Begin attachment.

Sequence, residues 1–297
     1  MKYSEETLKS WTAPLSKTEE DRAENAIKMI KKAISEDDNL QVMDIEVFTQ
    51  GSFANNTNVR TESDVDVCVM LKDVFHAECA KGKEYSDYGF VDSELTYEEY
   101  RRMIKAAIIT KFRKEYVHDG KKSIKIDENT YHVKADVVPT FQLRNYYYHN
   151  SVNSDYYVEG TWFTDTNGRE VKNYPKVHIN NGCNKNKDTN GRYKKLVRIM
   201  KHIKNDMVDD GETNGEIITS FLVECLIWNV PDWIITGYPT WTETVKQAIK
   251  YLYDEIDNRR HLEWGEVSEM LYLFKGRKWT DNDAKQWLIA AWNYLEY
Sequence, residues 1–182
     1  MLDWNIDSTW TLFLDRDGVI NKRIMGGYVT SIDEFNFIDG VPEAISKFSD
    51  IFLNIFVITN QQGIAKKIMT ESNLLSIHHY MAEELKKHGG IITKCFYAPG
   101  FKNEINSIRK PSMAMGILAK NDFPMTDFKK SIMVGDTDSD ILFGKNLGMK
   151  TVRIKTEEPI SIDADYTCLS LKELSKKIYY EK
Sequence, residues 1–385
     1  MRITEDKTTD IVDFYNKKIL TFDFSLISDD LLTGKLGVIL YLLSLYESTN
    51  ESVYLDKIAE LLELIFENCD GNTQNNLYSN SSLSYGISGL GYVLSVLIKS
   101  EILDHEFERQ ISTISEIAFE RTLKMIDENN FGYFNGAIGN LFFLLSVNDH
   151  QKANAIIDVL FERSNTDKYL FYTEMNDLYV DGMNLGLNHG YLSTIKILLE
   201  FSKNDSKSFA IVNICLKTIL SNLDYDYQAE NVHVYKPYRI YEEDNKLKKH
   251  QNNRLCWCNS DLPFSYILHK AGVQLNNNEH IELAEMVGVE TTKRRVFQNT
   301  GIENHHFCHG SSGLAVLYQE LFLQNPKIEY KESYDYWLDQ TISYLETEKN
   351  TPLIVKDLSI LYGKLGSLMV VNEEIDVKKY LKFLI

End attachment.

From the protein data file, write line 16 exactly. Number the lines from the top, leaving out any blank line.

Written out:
   101  EILDHEFERQ ISTISEIAFE RTLKMIDENN FGYFNGAIGN LFFLLSVNDH